While the concert calendar is in peril, music fans still have much to look forward to in the waning months of 2021, beginning with an annual fall festival in benefit of the tractor class, continuing next week with the awarding of this country’s prestigious Polaris Music Prize and including new albums released by everyone from Lana Del Rey to Shad to the greatest Swedish invention since zippers and furniture store meatballs.
ABBA, which is set to release its first LP in four decades on Nov. 5, promised us things with its 1976 hit Dancing Queen that no longer hold true: That we could dance (with masks?), that we could jive (not specifically prohibited in 2021, but not encouraged either) and that we’d be “having the time of your life.”
We live in different times today. Here’s to doing the best we can under the circumstances.
Neil Young has pulled out of the annual farm-sector fundraiser because of the ongoing coronavirus crisis by explaining “My soul tells me it would be wrong to risk having anyone die.” But the show still boasts Willie Nelson, John Mellencamp, Dave Matthews, Margo Price, Sturgill Simpson and others. The concert will be streamed on the Farm Aid’s website and YouTube channel on Sept. 25, from Hartford, Conn.
POLARIS MUSIC PRIZE
The shortlisted artists up for the award recognizing the Canadian album deemed to be the year’s best are Leanne Betasamosake Simpson, Cadence Weapon, DijahSB, Dominique Fils-Aimé, Mustafa, the OBGMs, Klô Pelgag, Tobi, the Weather Station and Zoon. One of them – possibly the eloquent rapper Cadence Weapon, for Parallel World – walks away with the $50,000 prize on Sept. 27. The proceedings are watchable on CBC Gem.
He doesn’t have the mansion, Spotify streams or courtside seats of a Drake, but the rap artist Shadrach Kabango is an elite, thoughtful rhymer with colourful musical ideas. His latest (out Oct. 1) is about human connections – to the spiritual world, to nature, to technology, to rhythm and pace.
To Ottawa’s National Arts Centre (Oct. 12 to 17) and Toronto’s Meridian Hall (Oct. 20 to 30), the multitudinous singer-songwriter Leslie Feist brings what she describes as something “halfway between a regular concert and some kind of constructed theatre piece.” The communal, interactive event (which premiered this summer in Germany) was created in collaboration with acclaimed lighting and production designer Rob Sinclair.
Except for the unexpected, we have no idea what to expect from prolific eccentrics Hawksley Workman and Kevin Breit. A video teaser for the single Corvair Blues involves basketballs. The album from the extroverted Juno-winning singer-songwriter Workman and the inimitable guitarist Breit is an all-instrumental affair, out Oct. 15. That’s all we know.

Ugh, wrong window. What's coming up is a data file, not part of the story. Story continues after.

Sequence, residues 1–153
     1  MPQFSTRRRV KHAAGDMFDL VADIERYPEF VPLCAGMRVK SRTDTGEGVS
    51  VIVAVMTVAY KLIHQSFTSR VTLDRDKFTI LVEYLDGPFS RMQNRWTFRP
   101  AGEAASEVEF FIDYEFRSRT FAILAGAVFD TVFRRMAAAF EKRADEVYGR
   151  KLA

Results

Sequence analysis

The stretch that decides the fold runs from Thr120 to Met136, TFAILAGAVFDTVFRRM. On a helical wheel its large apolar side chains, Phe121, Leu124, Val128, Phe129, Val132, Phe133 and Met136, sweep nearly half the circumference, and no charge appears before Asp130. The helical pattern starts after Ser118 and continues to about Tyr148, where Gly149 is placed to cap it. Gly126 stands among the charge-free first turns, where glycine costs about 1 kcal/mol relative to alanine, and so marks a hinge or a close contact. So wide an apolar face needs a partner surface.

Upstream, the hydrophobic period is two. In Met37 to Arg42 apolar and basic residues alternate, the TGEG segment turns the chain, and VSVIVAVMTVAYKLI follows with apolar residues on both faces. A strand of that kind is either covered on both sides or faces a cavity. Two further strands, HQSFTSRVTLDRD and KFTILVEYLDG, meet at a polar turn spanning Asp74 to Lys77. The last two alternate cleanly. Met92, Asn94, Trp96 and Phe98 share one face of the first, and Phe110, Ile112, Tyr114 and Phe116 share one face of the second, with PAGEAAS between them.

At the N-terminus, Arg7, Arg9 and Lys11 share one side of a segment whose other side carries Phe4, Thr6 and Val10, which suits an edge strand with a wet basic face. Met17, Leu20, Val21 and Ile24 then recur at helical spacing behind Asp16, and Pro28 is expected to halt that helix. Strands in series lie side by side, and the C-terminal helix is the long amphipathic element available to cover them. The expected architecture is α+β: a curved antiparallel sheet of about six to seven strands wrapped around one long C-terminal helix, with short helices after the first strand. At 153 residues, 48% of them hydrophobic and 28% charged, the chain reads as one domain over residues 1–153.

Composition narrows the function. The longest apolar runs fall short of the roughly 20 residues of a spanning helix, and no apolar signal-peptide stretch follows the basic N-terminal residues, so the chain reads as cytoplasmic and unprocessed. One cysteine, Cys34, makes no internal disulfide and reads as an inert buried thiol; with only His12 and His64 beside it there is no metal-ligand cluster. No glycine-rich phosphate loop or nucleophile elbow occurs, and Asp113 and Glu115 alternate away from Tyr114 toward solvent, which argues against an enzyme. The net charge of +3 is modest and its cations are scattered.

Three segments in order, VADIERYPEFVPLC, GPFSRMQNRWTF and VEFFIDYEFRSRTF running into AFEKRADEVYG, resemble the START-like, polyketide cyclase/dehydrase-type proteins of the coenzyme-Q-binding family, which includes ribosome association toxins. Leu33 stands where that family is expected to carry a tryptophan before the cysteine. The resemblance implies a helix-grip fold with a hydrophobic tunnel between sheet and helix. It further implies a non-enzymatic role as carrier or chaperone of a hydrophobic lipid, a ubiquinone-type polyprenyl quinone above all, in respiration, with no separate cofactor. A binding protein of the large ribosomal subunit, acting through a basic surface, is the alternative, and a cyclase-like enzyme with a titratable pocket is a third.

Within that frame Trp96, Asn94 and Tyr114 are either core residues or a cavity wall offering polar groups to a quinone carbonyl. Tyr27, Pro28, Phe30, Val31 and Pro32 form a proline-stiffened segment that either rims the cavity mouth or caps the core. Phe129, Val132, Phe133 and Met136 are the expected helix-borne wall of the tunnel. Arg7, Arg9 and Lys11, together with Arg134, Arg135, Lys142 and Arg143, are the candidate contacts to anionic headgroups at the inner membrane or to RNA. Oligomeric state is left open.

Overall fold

COLDPLAY’s MUSIC OF SPHERES
In advance of its Max Martin-produced ninth album (out Oct. 15), England’s famous melodists released the single Coloratura, built for constellation spotting. The spacy epic contains an unobtrusive Galileo reference and is long enough to boil a 10-minute egg, with 15 seconds to spare.
SNOTTY NOSE REZ KIDS’ LIFE AFTER
After a breakout year in 2020, what comes next for the Vancouver-based twosome comprised of Haisla rappers Darren (Young D) Metz and Quinton (Yung Trybez) Nyce? If their latest single Wild Boy is any indication – ”Amazing to me how I even came to be/ when they kidnapped my daddy, my mama wasn’t even a person” – expect more hard-hitting hip hop from an album that drops Oct. 22.
LANA DEL REY’s BLUE BANISTER
The American singer-songwriter and self-mythologizer has already released four songs from her second album of 2021, due Oct. 22. They are the type of dreamy, enigmatic and velvet-lined melodrama we’ve come to expect from her. On the single Arcadia, she proposes that she is the embodiment of Los Angeles: “I’m not native, but my curves, San Gabriel all day.” Whatever it is that Del Ray has, she’s still got it.
“There was a union of heart and mind, the likes of which are rare and oh so hard to find.” So sings ABBA on the wistful I Still Have Faith in You, one of two singles released earlier this month in advance of Voyage (Nov. 5), the Swedish pop quartet’s first album since 1981. The other new song is Don’t Shut Me Down, which we wouldn’t dream of doing.
The making of the Beatles 1970 album Let it Be was previously thought to be fractious, with Paul McCartney being bossy and Yoko Ono cast as the villainess. A sneak preview of Peter Jackson’s long-awaited docuseries released late last year, however, showed the band in high spirits. Revisionist fantasy or setting the record straight, the three-part counter-narrative premieres on Disney+, Nov. 25, 26 and 27.
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